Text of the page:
But let’s look at the nuts and bolts. It’s not unusual for a business owner to have a corporation and several related tax pass-through entities, such as limited liability companies or limited partnerships, which produce income by providing goods or services here in California. The corporation often provides the LLCs with administrative services, and charges accordingly. Generally, the owner will hold the corporate stock in a family trust. In case like this, creative relocation can have worthwhile tax benefits. Here’s how.

First, remember Rule #1. Since the point of most business enterprises is to get money into the pockets of the owner, if the owner remains a California resident, relocating the corporation won’t help a bit by itself. Assuming all the income from operations passes through the entities (including the trust) to the owner, it will be taxed by California because of Rule #1. All of a resident’s income is taxable by California. So in situations like this, if a strategic relocation is in the cards, step one is for the owner to change residency to a lower tax or non-income tax state. Obviously that’s a big step. It means major change. But if reducing state income taxes is the goal, it’s the sine qua non.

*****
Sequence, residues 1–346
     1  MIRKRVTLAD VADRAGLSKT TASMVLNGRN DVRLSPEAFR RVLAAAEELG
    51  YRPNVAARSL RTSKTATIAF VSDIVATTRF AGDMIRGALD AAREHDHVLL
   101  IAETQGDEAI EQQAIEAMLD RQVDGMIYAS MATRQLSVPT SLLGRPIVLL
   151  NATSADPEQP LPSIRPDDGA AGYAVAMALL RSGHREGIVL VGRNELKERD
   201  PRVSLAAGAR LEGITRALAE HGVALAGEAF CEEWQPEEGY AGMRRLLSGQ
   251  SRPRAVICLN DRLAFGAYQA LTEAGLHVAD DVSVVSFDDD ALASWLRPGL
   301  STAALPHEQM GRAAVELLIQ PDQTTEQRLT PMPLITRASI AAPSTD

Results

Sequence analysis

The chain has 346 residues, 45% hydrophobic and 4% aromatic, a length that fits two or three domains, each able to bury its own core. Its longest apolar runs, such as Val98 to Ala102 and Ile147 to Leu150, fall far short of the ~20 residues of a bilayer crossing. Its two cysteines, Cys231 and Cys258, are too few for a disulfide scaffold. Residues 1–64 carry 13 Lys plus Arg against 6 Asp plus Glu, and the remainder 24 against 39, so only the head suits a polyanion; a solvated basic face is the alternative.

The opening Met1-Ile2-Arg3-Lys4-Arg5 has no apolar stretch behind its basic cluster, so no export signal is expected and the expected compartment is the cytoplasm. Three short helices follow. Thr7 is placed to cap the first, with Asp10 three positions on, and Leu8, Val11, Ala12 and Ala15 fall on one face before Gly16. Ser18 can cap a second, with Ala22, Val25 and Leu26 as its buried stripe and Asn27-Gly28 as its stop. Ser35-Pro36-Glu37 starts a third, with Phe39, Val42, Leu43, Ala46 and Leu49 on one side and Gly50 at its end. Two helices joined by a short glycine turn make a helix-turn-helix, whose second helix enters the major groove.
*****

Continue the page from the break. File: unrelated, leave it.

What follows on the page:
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Canadian visitors to Palm Springs, Rancho Mirage, Indian Wells and all of California may wish to take note of a new pilot program the US Department of Homeland Security and the Canada Border Services Agency is instituting for visitors from both countries crossing the US-Canada border. It’s a pilot program, which is not the official policy for US-Canada border crossings yet. But could easily become that (and probably will).

Which US-Canada Border Crossings is the Pilot Program Being Tested?

The following border crossings are where the program is initially being tested:

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It’s no secret that California has a high state income tax rate. In fact the Golden State competes with New Jersey and New York for the highest rate in the nation. Nonetheless, despite somewhat overblown media reports, most Californians aren’t in a position to tear their businesses up by the roots and transplant them to low or zero income tax havens like Nevada and Florida. Often those businesses have to operate in California, since that’s where the market for the product or service is, and typically for small businesses, the owner has to be present here in state for the enterprise to grow.